Feds To Pay For One More Police Officer For DHS
City of Desert Hot Springs
65-950 Pierson Blvd. · Desert Hot Springs · CA · 92240
City of Desert Hot Springs Awarded COPS Hiring Recovery Program Grant
Contact: Police Chief Patrick Williams
City of Desert Hot Springs
(760) 329-6411 ext 301
July 28, 2009
U.S. Attorney General Eric Holder announced that the City of Desert Hot Springs was awarded a COPS Hiring Recovery Program Grant in the estimated amount of $346,258. The grant funds will provide an additional police officer to the Desert Hot Springs Police Department.
Desert Hot Springs was 1 of 51 police agencies from jurisdictions in California with a population of less than 150,000 that applied for the highly competitive grant, and was 1 of the 14 agencies that was awarded funding.
The Desert Hot Springs City Council approved 2009-10 Operating Budget provided funding for 33 officer positions. The increase to 33 officers was made possible in part by the passage of Measure A in May, 2009. The award of the grant will increase that number to 34 officer positions. Presently, the Department has 29 positions filled, and Police Chief Patrick Williams is actively recruiting and filling the vacancies.
Public Safety is the Desert Hot Springs City Council’s number one priority. The addition of another officer is an important step in the process to the long-term community safety that our residents, businesses and visitors have come to expect. The addition of this position will help us increase community safety, improve the Department’s capacity to deter crime and to proactively seek out those who would do harm in our neighborhoods.
IIRC, this was the program that Finance Director Jason Simpson found out about and for which he began the grant request process while he was in Washington with Mayor Parks and Mayor Pro Tem Baker. The grant pays for one police officer for three years.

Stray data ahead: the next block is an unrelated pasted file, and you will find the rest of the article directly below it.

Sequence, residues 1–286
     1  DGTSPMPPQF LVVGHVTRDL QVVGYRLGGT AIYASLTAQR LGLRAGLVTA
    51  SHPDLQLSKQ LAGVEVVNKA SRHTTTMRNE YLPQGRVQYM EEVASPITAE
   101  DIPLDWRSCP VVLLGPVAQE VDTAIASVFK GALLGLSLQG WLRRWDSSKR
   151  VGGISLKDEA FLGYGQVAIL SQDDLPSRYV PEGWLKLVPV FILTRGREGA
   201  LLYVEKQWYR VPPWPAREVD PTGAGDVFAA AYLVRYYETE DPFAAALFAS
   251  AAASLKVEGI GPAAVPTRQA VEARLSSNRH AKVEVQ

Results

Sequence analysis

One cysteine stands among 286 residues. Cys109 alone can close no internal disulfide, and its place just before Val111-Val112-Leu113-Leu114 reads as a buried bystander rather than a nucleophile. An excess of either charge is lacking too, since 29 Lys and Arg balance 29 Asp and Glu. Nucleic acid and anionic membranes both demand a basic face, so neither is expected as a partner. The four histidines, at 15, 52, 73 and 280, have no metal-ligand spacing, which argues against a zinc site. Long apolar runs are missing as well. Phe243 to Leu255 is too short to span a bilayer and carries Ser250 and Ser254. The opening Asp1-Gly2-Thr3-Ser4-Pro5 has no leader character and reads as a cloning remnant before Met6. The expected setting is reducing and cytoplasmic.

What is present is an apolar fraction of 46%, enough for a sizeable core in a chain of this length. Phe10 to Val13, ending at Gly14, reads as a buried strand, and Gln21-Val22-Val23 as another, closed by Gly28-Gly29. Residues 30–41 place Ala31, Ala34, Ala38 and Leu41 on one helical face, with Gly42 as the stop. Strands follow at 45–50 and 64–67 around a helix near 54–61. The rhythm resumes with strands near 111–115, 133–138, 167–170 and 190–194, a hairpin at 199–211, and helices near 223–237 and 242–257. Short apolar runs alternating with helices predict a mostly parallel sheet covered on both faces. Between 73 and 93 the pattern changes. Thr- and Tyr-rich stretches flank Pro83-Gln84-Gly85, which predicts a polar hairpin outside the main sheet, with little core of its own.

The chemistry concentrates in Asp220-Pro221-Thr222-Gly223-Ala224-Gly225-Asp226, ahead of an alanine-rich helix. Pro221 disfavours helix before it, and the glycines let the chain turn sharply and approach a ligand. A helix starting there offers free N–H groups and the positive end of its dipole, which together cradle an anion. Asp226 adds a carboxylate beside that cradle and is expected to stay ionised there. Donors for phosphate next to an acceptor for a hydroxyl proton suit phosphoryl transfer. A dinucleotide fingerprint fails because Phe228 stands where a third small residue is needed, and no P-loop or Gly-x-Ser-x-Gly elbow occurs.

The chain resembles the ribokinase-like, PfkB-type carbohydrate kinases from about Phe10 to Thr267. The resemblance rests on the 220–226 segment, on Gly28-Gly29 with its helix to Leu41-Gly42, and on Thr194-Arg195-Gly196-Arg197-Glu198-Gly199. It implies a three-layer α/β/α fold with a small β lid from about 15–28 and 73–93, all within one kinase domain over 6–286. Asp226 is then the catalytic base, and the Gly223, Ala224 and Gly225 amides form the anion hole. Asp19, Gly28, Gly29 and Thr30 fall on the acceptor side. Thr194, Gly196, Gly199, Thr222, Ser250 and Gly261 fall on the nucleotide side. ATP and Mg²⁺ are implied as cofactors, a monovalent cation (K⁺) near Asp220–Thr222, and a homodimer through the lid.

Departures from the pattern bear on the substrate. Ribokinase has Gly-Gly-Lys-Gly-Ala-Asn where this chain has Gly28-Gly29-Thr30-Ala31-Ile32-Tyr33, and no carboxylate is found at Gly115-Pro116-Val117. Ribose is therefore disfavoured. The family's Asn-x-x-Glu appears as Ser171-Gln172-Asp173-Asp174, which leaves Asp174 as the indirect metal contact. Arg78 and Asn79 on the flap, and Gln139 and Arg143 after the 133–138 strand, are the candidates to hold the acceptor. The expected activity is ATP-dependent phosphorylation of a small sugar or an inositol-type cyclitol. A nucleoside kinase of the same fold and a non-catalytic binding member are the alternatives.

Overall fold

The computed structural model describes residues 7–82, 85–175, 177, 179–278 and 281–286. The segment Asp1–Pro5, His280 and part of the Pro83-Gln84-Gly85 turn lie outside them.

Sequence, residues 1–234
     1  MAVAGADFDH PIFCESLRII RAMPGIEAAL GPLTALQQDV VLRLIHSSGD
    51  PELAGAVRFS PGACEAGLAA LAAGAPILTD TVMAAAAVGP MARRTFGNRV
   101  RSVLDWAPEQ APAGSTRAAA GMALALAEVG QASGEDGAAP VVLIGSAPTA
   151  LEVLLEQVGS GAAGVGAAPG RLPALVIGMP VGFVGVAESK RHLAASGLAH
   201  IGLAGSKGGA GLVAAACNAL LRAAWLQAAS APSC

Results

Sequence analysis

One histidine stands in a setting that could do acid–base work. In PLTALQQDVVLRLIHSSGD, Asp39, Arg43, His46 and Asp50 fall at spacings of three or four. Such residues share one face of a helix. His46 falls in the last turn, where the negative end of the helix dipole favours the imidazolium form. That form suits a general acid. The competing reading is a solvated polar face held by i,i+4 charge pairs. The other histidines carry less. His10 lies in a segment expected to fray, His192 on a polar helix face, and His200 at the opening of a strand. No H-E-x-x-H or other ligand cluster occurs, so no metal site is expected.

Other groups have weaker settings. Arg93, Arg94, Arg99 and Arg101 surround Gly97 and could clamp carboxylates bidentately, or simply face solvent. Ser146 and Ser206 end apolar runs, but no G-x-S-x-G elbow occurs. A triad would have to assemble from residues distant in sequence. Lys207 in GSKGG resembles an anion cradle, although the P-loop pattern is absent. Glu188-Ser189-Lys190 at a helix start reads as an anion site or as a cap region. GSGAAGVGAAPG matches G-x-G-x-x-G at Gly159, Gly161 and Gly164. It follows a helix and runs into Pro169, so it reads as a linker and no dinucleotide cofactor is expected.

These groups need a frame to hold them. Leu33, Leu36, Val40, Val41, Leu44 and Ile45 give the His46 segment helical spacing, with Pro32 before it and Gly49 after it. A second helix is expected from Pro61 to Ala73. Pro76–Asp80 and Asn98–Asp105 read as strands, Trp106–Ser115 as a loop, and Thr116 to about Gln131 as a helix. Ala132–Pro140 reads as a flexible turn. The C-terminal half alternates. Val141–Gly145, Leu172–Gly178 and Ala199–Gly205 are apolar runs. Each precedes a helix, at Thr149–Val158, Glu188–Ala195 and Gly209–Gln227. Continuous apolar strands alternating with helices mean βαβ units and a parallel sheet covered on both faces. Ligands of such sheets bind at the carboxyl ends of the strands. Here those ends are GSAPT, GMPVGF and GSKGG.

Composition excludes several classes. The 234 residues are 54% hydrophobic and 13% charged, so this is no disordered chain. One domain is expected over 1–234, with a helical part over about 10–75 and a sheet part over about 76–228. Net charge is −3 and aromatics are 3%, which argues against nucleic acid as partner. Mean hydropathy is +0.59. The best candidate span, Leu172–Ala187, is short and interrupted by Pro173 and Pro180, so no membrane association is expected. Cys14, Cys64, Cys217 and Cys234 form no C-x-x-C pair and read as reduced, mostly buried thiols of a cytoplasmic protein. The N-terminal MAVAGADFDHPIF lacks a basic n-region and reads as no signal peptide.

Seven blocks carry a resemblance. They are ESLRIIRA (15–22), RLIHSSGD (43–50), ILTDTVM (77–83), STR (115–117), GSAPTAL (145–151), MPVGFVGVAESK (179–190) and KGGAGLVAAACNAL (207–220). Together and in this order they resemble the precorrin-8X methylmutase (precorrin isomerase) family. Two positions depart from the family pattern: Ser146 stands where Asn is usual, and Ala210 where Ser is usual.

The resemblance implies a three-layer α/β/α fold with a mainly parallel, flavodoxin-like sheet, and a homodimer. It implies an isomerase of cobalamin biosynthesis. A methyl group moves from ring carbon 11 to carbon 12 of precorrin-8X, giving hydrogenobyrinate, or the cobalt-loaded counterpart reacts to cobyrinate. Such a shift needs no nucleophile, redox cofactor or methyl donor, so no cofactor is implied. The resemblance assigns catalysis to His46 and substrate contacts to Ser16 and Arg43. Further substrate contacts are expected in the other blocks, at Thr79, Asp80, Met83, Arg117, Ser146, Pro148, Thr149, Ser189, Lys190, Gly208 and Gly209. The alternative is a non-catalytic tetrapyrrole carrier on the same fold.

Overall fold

July 27, 2009
The Boys At MIT Do It Again
MIT researchers are working on an electric car that dramatically overcomes some of the usual limitations of electrics. In ten minutes you can give the batteries enough charge to travel 200 miles. Coupla drawbacks that keep it from being ready for the market right now. That ten minutes of charging requires 350 kW of power. In case you are wondering if your household 120 volt outlet is good for 350 kW, one of the researchers comments "That's enough power to blow the fuses on 20 residential homes at once." Also, the array of 7,905 lithium iron-phosphate batteries costs about $80,000. But give 'em another six months and they'll get over that hurdle.
Another Big One
The Consolidated-Vultee RB-36H Peacemaker is big. Here's a little table comparing it with the B-52 and the modern C-5.
|Wingspan||Length||Max Takeoff Weight|
|B-36||230'||162' 1"||410,000 lbs.|
|B-52||185'||159' 4"||488,000 lbs.|
|C-5||225' 9"||247' 1"||840,000 lbs.|
It's got six piston engines on the rear of the wings, plus four jet engines. Development of the B-36 began before the U.S. entered World War II in anticipation of the need for a bomber that could take off from the United States, fly to Europe to drops its bombs, and then return to the U.S. However, it did not enter use until 1948. It had a range of 8,800 miles. The B-36 was not surpassed in the weight of the payload it could lift until the development of the Boeing 747 and the C-5 Galaxy. The B-36 was the only means available to deliver the first hydrogen bomb. Each of the piston engines had its own 100-gallon oil tank for lubrication. More info on the B-36 at WikiPedia. From the 1955 movie Strategic Air Command starring Jimmy Stewart and June Allyson, comes this high quality, color film (with dramatic music) of a B-36 (with jets) taking off.